Question tags rules in English
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Question tags (are you?, isn’t it?, don’t you?, etc…) are very common in English. A positive response is expected:
- It is beautiful, isn’t it?
When the sentence is affirmative, the question tag is negative: auxiliary + not + subject pronoun
This tag allows you to ask for confirmation:
- She can speak english, can’t she?
- He has written a book, hasn’t he?
In the present and in the past, there is no auxiliary in the affirmative statement, so we use the auxiliary of these two tenses: do and did.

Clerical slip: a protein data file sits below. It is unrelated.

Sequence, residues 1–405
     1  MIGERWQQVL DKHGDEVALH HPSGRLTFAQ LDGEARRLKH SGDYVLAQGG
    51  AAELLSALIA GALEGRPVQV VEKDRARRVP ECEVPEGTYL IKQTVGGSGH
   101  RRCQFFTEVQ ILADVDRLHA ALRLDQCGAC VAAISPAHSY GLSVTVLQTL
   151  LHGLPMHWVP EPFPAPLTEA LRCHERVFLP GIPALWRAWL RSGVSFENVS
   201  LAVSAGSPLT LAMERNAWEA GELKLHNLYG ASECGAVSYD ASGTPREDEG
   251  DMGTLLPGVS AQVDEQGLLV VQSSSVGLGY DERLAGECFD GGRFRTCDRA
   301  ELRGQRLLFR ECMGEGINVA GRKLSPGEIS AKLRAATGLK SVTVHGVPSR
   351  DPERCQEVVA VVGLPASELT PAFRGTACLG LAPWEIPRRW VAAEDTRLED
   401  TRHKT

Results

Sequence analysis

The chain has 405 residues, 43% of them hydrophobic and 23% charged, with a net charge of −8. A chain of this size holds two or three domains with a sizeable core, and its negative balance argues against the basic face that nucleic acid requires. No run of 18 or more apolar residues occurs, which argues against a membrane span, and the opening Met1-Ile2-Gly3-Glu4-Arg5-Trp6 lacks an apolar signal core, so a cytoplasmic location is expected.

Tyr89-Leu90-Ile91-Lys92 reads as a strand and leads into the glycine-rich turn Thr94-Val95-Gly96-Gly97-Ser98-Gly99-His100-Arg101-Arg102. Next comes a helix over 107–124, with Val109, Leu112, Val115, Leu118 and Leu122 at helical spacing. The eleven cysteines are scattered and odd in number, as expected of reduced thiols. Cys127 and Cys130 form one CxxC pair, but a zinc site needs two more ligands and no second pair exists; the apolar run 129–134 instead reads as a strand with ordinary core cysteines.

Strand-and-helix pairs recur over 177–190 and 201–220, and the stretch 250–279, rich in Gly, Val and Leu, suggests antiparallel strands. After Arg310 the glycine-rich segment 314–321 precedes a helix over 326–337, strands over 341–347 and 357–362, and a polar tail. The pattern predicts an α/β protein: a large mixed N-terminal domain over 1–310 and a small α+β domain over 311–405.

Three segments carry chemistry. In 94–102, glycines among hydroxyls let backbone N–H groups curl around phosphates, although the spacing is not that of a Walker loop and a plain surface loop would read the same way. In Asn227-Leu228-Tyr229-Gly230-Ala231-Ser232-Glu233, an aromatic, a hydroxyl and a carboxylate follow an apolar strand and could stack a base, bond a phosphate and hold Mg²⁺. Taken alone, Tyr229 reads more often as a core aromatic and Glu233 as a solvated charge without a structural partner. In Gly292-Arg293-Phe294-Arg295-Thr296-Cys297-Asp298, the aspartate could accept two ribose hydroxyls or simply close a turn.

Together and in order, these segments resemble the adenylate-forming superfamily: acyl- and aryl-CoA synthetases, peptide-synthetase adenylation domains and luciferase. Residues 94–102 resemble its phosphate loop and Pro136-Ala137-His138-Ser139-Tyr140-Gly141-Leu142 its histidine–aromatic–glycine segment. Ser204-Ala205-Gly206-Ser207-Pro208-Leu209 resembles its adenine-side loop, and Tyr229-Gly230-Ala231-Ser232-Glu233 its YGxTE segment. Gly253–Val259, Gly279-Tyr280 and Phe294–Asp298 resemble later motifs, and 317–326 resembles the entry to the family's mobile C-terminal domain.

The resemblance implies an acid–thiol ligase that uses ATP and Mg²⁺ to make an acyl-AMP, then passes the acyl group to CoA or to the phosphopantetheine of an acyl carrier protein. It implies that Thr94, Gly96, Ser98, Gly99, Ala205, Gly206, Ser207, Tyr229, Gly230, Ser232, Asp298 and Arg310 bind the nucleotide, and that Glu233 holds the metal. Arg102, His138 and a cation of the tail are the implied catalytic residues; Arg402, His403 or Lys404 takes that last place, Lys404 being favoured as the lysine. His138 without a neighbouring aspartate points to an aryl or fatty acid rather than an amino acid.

- He looks young, doesn’t he?
- Paul sent you a message, didn’t he?
When the sentence is negative, the question tag is positive. We expect a negative response:
- “You haven’t finished your homework, have you?” “Not yet!”
- He doesn’t like bananas, does she?
- They haven’t arrived yet, have they?
With the verb be in the first person singular (I), the negative tag is formed with are and not am:
- I am tanned, arent’t I?
For imperative sentences, we use a positive tag with will:
- Open the door, will you?
- Don’t come in, will you?
⚠️ Question tags are very often used to ask for confirmation: their intonation is then descending, as in an affirmative sentence.
⚠️ You can have a question tag in an affirmative sentence to express a reaction (surprise, irony, solicitude). The intonation is then rising:
- You think you’re smart, do you?